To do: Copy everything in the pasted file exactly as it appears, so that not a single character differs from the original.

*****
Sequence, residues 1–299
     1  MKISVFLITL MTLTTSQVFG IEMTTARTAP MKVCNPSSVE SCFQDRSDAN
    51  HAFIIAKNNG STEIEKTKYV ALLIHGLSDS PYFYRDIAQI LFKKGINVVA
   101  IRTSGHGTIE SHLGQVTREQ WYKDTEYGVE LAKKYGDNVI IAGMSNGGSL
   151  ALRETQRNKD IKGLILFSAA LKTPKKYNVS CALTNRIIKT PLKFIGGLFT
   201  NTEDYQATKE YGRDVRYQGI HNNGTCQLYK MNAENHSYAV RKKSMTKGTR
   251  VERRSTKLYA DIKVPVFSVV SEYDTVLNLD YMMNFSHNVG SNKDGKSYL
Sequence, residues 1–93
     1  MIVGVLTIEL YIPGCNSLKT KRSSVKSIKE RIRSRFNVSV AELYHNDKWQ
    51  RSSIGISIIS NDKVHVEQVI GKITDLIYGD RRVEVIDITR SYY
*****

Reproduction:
Sequence, residues 1–299
     1  MKISVFLITL MTLTTSQVFG IEMTTARTAP MKVCNPSSVE SCFQDRSDAN
    51  HAFIIAKNNG STEIEKTKYV ALLIHGLSDS PYFYRDIAQI LFKKGINVVA
   101  IRTSGHGTIE SHLGQVTREQ WYKDTEYGVE LAKKYGDNVI IAGMSNGGSL
   151  ALRETQRNKD IKGLILFSAA LKTPKKYNVS CALTNRIIKT PLKFIGGLFT
   201  NTEDYQATKE YGRDVRYQGI HNNGTCQLYK MNAENHSYAV RKKSMTKGTR
   251  VERRSTKLYA DIKVPVFSVV SEYDTVLNLD YMMNFSHNVG SNKDGKSYL
Sequence, residues 1–93
     1  MIVGVLTIEL YIPGCNSLKT KRSSVKSIKE RIRSRFNVSV AELYHNDKWQ
    51  RSSIGISIIS NDKVHVEQVI GKITDLIYGD RRVEVIDITR SYY